Brussels, 29 October 2009
In Greece, the supply of services consisting in the provision of bowling facilities is subject to the reduced rate of 9% when such facilities are used by members of clubs of the Hellenic Bowling Federation in the framework of organised sport. However, for facilities for non-member, recreational bowlers, , the normal tax rate applies. Through a reasoned opinion under Article 226 of the EC Treaty, the European Commission has called on Greece to end this selective application of the reduced rate of VAT. If Greece fails to comply with the reasoned opinion, the Commission may bring the matter to the European Court of Justice (ECJ).
The VAT Directive provides that Member States may apply reduced rates to the supply of goods or services set out in its Annex III, which includes, among other things, the use of sporting facilities.
Greece applies a system whereby a reduced VAT rate is only allowed for the provision of bowling facilities to members of clubs of the Hellenic Bowling Federation in the framework of organised bowling competitions or in preparation of these competitions. In doing so, it excludes from the reduced rate bowlers practising this sport outside of such framework.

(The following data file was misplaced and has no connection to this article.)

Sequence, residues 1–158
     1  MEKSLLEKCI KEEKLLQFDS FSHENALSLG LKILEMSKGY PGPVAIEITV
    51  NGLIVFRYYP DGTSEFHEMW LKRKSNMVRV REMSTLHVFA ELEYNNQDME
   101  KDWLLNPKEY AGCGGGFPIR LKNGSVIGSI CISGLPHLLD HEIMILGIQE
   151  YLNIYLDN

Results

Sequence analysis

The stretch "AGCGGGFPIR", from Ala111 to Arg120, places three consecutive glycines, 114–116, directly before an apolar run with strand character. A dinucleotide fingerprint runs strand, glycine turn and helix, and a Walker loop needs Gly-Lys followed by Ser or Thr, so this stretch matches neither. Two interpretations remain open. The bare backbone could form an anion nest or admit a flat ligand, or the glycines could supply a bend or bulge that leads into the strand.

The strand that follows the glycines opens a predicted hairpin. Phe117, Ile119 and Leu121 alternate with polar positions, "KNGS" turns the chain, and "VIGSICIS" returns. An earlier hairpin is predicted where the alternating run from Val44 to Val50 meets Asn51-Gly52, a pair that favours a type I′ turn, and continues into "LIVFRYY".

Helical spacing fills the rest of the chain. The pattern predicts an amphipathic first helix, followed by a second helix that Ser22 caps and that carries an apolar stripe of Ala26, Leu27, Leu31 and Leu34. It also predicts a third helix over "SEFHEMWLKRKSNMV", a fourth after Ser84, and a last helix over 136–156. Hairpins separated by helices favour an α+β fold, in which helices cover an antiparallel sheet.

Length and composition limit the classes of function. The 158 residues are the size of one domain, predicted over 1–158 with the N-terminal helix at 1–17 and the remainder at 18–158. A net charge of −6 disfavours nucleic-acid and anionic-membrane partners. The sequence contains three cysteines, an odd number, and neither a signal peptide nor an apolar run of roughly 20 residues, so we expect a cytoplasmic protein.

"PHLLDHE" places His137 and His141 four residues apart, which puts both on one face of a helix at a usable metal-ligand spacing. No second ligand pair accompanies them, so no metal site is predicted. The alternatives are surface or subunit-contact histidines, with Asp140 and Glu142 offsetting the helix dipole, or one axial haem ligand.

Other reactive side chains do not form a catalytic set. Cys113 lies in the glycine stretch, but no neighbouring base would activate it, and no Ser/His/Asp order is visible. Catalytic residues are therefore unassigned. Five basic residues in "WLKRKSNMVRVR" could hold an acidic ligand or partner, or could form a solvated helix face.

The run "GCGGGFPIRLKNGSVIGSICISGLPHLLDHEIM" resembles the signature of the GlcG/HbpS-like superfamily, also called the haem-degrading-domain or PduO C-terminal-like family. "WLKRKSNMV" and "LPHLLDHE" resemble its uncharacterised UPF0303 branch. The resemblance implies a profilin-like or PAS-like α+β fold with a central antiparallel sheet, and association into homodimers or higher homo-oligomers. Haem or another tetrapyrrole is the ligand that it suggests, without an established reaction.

In its case-law (see inter alia C-109/02), the Court held that the introduction or maintenance of reduced VAT rates is permissible only if they do not infringe the principle of fiscal neutrality, inherent in the common system of VAT, which precludes treating similar goods and supplies of services differently for VAT purposes i.e. those goods or supplies must be subjected to a uniform rate.
The Commission considers that the provision of sports facilities for the practice of bowling is the same service regardless of the affiliation of the bowler to a federation or the context in which the sport is played. First, it is the same bowling facilities that are used. Second, whether bowling is played for recreational purposes or with a competitive goal, it is still a sports activity promoting physical health and involving competition. Therefore, it should be subject to a uniform VAT rate.
Subjective criteria such as the quality or intensity of the play or the personal motivations of bowlers cannot be relied on for the purposes of assessing the similarity of two services, and therefore they cannot justify a distinction made in the VAT treatment of organised and non-organised bowling. The Commission consequently concludes that by applying the above system, Greece has infringed provisions of the VAT Directive on the application of reduced rates.
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